(ORDO NEWS) — NASA’s James Webb Space Telescope has provided the first clear evidence of carbon dioxide in the atmosphere of a planet outside the solar system.
This observation of the gas giant WASP-39 b orbiting the sun-like star WASP-39, about 700 light-years from Earth , provides important clues to the exoplanet’s composition and formation.
The discovery , which has been accepted for publication in the scientific journal Nature, clearly suggests that in the future, James Webb will be able to detect and measure the amount of carbon dioxide in the rarer atmospheres of small, rocky exoplanets.
WASP-39 b is a gas giant of the “hot Jupiter” class with a mass of about a quarter of the mass of Jupiter (about the same as that of Saturn), but at the same time its diameter is 1.3 times that of Jupiter.
Its extreme “bloat” is partly due to the high temperature of the atmosphere (about 900 degrees Celsius).
Unlike the cooler, more compact gas giants in our Solar System, WASP-39 b orbits very close to its star only about one-eighth the distance between the Sun and Mercury completing one revolution in just over four Earth days.
The discovery of WASP-39 b, which was announced in 2011, was made as part of the WASP project aimed at detecting exoplanets by the transit method.
In other words, the exoplanet WASP-39 b was detected at the moment of passing in front of the disk of the parent star, which led to a slight decrease in the brightness of the latter.
Previous observations with other telescopes, including NASA ‘s Hubble and Spitzer space telescopes , have revealed the presence of water vapor, sodium, and potassium in WASP-39 b’s atmosphere.
The unrivaled sensitivity of the James Webb to infrared radiation made it possible to detect the presence of carbon dioxide in the atmosphere of the studied exoplanet.
Transiting planets such as WASP-39 b, whose orbits we observe edge-on rather than from above, could provide scientists with ideal opportunities to study planetary atmospheres.
During the transit, one part of the starlight is completely blocked by the planet (causing a total dimming), while another part passes through the planet’s atmosphere.
Passing through the planet’s atmosphere, starlight experiences scattering over the entire spectrum and absorption in selected frequencies, after which absorption lines or bands appear in the planet’s spectrum, completely analogous to the telluric lines formed in the earth’s atmosphere.
Due to the combination of an inflated atmosphere and frequent transits, WASP-39 b is an ideal target for spectral analysis, which allows a very precise determination of the chemical composition of the atmosphere.
First clear detection of carbon dioxide
The research team used the James Webb Near Infrared Spectrograph (NIRSpec) to monitor WASP-39 b. In the resulting spectrum of an exoplanet’s atmosphere (below), a small “hill” measuring between 4.1 and 4.6 microns represents the first clear and undeniable evidence of carbon dioxide ever detected on a planet outside the solar system.
“As soon as the data appeared on my screen, I was taken by the colossal function of carbon dioxide,” said Zafar Rustamkulov, a graduate student at Johns Hopkins University and a member of the JWST Transiting Exoplanet Community Early Release research team that led the study.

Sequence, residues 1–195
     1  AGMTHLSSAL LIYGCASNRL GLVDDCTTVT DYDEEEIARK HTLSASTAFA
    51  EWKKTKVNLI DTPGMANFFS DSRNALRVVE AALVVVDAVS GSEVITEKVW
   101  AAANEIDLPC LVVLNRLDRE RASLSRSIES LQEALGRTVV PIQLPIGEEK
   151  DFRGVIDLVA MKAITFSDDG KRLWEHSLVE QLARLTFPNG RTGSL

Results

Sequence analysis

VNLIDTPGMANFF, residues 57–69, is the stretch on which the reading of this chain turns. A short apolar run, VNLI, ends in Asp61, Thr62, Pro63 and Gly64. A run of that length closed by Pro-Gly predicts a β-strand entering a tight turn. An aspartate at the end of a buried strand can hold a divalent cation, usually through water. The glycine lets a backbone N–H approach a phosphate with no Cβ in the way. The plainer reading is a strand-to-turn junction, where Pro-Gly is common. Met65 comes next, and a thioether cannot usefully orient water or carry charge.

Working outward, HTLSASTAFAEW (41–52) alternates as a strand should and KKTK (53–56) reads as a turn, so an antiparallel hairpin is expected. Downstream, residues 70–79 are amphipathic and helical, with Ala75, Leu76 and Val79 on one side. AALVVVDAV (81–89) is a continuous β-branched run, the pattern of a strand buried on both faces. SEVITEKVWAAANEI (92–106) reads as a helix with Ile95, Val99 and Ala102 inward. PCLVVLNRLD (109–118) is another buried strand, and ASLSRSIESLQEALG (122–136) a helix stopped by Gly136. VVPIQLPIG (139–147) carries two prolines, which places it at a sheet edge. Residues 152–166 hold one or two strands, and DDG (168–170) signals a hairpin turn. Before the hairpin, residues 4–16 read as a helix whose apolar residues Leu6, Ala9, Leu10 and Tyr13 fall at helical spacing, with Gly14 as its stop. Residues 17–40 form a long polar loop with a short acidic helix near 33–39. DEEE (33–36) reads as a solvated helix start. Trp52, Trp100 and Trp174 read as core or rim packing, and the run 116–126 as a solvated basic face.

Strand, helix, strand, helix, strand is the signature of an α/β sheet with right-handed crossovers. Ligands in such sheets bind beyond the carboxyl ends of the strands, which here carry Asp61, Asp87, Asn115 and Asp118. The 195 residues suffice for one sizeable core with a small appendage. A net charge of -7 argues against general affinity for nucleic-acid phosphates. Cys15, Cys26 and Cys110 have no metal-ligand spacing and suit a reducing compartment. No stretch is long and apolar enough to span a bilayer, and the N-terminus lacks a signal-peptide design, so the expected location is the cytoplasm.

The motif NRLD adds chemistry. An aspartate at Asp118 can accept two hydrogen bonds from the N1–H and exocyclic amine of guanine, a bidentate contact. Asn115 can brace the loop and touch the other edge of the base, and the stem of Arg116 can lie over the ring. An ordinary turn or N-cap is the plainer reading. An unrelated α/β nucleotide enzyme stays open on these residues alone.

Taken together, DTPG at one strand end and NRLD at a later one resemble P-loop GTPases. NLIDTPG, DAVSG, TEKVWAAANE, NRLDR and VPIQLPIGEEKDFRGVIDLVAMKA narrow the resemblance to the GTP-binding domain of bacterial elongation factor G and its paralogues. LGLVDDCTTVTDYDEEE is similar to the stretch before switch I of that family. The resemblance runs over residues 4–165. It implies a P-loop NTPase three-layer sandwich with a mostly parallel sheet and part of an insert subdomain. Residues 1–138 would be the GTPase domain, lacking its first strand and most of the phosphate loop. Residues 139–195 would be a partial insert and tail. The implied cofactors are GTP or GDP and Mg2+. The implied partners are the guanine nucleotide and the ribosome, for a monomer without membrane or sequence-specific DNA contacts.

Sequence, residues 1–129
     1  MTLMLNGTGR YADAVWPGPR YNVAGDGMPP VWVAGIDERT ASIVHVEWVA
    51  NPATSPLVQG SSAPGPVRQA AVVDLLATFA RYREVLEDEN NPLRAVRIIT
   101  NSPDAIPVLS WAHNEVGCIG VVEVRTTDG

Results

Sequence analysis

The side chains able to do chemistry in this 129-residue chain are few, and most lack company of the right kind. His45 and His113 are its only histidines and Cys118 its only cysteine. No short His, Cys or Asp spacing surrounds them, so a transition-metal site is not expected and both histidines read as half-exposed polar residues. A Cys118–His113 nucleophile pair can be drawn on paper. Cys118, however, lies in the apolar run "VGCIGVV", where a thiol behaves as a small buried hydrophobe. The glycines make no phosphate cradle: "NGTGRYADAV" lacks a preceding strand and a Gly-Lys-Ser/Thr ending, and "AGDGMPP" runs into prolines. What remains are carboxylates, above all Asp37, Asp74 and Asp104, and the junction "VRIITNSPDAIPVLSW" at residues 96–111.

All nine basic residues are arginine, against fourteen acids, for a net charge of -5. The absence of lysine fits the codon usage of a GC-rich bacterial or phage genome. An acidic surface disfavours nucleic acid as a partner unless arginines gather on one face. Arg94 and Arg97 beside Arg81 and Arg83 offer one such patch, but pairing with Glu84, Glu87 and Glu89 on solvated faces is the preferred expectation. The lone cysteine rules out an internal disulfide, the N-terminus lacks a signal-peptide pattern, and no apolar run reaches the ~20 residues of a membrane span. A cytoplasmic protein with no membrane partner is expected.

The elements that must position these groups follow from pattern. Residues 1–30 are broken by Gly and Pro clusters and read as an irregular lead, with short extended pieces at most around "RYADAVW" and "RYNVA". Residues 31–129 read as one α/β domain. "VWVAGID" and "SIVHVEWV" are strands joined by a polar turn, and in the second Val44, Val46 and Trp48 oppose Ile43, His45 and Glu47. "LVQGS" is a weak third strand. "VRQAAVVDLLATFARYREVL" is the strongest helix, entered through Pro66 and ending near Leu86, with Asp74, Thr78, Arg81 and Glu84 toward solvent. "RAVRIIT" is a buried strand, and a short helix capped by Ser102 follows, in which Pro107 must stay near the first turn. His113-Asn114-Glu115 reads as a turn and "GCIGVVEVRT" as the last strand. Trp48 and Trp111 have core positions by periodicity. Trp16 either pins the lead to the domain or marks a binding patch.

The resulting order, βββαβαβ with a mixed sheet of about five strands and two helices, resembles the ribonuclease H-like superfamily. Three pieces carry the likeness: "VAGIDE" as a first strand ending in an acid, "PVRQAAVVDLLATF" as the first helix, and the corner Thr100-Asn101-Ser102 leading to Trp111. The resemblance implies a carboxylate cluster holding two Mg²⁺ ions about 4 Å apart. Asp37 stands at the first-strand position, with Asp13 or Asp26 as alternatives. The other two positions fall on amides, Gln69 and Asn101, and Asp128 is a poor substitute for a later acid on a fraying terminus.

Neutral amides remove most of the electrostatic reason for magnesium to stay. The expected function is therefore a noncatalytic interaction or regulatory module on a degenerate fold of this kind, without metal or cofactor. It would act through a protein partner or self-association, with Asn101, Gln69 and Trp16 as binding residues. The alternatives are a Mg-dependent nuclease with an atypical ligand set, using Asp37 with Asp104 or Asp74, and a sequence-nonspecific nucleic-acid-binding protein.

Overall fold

“It was a special moment when we passed a major milestone in exoplanet science.”
No observatory has ever measured such subtle differences in the brightness of so many individual colors in the range of 3 to 5.5 microns (below) in an exoplanet’s transmission spectrum before.
Access to this portion of the spectrum is critical for detecting and measuring gases such as water vapor and methane, as well as carbon dioxide, which are thought to be present in the atmospheres of many exoplanets .
“The detection of such a clear carbon dioxide signal on WASP-39 b bodes well for a detailed study of atmospheres on smaller Earth-sized planets,” said Natalie Bataglia, professor of astronomy and astrophysics at the University of California, Santa Cruz, who led the study.
Understanding the composition of a planet’s atmosphere is important because it tells us something about the origin of the planet and how it evolved.
“Carbon dioxide molecules are sensitive indicators of planetary formation history,” said Mike Line of Arizona State University, another member of the research team.
“By measuring the amount of carbon dioxide, we can determine how much solid and how much gaseous material was used to form this gas giant.
Over the next decade, JWST [James Webb] will measure many exo-pallets, which will provide insight into the details of how these worlds formed and the uniqueness of our solar system.”
The study of WASP-39 b’s atmosphere with NIRSpec is only part of a larger study that includes observations of the planet using several James Webb instruments, as well as observations of two other exoplanets discovered by the transit method.
James Webb is the most powerful space telescope in the history of mankind, which was created and launched to help us unravel the mysteries of the solar system, study worlds in the orbits of distant stars, explore the mysterious cosmic structures, the origin of the universe and our place in it.
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